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P.C. Hammer 

Coed caricature gets whacked in the Boulevard Theater's Oleanna.

Who among us will ever forget the pubic hair on the Coke can? Back when Congress was reviewing Clarence Thomas's appointment to the Supreme Court, former co-worker Anita Hill claimed that the judge had sexually harassed her, in part, by placing the unsightly follicle on her beverage container. And after delivering a litany of his other offenses, she appeared to have him by the short ones. But then, of course, the affirmative-action opponent let loose with cries of "high-tech lynching" and got himself confirmed.

The hearings resulted in two unfortunate legacies: an unabashed right-wing ideologue sitting on the highest court and, well, this play. It is said that David Mamet wrote Oleanna as a response to the Hill/Thomas hearings, and it makes sense. Mamet has dissected the modus operandi of con artists and lowlife salesmen, and in Oleanna, the con game is higher education, and the lowlife is a "femi-Nazi" straight from Rush Limbaugh's fevered nightmares.

The plot stretches credibility to the screaming point in its desire to show how the most benign of words and gestures can be misinterpreted. Carol, a confused and failing student, visits the office of John, her education class professor. Even though John is due to meet his wife and realtor to close on their new house, he indulges Carol's insipid frustrations ("I don't understand what's going on in class!" she whines. "I don't understand your book!").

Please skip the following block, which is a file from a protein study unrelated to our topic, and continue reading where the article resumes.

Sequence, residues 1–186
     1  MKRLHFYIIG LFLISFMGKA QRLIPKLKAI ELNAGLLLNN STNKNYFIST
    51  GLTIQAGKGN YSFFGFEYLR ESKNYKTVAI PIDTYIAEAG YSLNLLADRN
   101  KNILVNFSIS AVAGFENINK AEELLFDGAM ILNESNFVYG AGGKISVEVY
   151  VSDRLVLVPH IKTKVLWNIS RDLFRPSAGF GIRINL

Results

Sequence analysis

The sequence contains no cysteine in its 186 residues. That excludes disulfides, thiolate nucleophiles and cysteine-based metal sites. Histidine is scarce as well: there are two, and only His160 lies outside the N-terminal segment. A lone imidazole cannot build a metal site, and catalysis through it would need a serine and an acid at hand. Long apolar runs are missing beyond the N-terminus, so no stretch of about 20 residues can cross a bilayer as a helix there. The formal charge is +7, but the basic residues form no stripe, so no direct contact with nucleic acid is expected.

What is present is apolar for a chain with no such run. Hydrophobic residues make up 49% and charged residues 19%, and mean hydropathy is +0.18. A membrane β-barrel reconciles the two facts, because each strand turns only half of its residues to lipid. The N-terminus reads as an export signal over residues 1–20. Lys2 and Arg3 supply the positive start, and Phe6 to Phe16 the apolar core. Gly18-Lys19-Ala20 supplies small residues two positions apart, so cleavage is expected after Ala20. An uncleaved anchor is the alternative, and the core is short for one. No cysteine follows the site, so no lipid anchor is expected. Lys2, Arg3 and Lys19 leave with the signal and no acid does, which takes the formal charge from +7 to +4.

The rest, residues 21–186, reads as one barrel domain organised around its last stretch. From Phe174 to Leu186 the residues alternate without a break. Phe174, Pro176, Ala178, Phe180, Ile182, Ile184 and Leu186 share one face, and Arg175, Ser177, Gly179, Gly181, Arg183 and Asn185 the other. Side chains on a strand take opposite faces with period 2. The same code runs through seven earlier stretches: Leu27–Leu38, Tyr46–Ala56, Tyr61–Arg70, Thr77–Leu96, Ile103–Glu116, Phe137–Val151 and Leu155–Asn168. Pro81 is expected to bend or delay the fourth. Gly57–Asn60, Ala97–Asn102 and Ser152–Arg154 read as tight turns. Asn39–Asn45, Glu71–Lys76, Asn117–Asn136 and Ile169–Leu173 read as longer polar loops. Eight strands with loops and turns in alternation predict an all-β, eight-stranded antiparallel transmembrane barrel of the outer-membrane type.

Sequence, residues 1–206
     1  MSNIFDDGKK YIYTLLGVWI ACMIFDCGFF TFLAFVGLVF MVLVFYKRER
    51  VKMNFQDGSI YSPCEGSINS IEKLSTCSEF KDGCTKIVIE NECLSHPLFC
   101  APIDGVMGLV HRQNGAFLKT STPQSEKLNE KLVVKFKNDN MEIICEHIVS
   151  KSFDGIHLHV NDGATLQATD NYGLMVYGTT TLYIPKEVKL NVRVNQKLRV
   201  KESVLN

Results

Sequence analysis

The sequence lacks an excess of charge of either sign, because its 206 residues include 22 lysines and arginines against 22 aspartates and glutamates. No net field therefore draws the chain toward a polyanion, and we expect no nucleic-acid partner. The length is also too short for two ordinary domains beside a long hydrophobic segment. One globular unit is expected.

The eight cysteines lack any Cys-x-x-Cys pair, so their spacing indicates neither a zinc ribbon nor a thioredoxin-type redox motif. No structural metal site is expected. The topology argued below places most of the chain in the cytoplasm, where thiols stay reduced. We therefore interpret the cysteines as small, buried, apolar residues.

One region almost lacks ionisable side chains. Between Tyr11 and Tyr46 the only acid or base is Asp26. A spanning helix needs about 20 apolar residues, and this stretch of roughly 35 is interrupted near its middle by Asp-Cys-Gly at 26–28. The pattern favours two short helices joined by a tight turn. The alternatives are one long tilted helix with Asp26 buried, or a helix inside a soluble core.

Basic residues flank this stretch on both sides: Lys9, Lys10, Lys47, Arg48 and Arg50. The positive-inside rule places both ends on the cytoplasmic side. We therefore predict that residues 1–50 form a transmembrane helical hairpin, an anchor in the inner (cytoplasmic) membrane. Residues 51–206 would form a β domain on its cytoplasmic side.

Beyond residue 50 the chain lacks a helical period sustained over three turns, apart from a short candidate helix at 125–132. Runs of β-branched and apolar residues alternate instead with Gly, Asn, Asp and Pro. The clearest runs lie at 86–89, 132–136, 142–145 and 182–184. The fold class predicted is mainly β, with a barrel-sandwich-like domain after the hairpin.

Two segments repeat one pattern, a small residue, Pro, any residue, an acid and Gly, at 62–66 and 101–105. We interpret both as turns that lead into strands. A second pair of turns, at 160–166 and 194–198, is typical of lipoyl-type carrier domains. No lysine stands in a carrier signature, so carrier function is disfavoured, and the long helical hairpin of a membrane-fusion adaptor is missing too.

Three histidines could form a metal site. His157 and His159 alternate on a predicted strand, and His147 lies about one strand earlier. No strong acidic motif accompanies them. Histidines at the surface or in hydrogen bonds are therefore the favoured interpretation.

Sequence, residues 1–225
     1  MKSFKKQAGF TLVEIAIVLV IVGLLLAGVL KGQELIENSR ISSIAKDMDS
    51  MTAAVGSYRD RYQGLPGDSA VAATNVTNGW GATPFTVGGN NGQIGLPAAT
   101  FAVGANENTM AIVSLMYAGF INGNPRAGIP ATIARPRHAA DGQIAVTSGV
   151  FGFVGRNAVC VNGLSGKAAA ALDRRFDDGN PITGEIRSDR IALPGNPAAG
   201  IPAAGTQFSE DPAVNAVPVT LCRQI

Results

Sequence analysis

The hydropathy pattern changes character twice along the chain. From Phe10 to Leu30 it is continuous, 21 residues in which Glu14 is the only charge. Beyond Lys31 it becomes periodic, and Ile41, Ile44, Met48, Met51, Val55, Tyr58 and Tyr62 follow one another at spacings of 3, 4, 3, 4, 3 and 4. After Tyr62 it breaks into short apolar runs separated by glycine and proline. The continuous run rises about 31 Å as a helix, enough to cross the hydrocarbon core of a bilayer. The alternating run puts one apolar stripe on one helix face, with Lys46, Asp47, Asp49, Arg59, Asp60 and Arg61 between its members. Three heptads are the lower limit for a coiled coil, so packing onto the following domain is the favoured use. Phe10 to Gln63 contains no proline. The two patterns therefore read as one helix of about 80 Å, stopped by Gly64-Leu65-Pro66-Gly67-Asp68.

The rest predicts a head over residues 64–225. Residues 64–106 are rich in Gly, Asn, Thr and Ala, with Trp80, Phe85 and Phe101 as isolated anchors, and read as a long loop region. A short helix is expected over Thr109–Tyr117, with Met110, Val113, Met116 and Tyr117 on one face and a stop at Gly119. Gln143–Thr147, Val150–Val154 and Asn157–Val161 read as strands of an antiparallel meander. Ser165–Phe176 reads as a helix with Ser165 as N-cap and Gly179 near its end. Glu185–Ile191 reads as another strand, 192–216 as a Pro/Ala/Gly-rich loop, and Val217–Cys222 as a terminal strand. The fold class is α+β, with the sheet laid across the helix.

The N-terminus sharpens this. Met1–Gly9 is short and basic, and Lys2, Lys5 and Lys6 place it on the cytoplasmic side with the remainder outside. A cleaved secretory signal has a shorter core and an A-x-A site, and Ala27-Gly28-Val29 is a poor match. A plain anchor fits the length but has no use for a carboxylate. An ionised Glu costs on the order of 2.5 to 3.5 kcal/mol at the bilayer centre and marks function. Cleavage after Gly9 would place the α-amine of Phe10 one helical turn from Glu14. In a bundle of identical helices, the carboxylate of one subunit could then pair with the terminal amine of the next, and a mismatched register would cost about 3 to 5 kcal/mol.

In spite of increasingly urgent calls from his wife, John massages Carol's plummeting self-esteem with philosophical ramblings and responds to her desperate desire for a passing grade with a promise: He'll give Carol an A if she will meet with him for tutoring. He even touches her gently on the shoulders to show his concern.

But in Act 2, Carol has mistaken John's soft spot for a hard-on and has filed a grievance with the college, accusing him of sexual harassment. A dutiful note-taker, she throws all of John's words back at him verbatim, but in a new context in which the kindly teacher is transformed into a craven tormentor. Her grade fixation a distant memory, Carol now represents an unidentified campus group (an evil feminist spore colony, no doubt) that is supporting her cause. By the end of the play, the unlikely gives way to the unbelievable in a violent confrontation that shocks less than it annoys.

Instead of being an exploration of the power games people play with words, this one-note performance of Oleanna is more of a screed against uppity women. Director Gregory Vovos allows Meg Santisi to play Carol at a fairly steady rant, either sniveling or sneering. Mark Cipra brings a donnish warmth to John, but he should be more offhand and glib at the beginning. His early intensity takes the steam out of the power flip-flop in Act 2 and leaves both characters nowhere to go.

While this production is flawed, the Boulevard Theater (a Shaker Heights community troupe) is to be commended for taking on fare vastly more challenging than, say, another revival of Love Letters. As for Mamet's take on sexual harassment, the feminist viewpoint, albeit twisted and burlesqued, once more serves as a punching bag for defenders of the status quo. And that's getting pretty damn tiresome.

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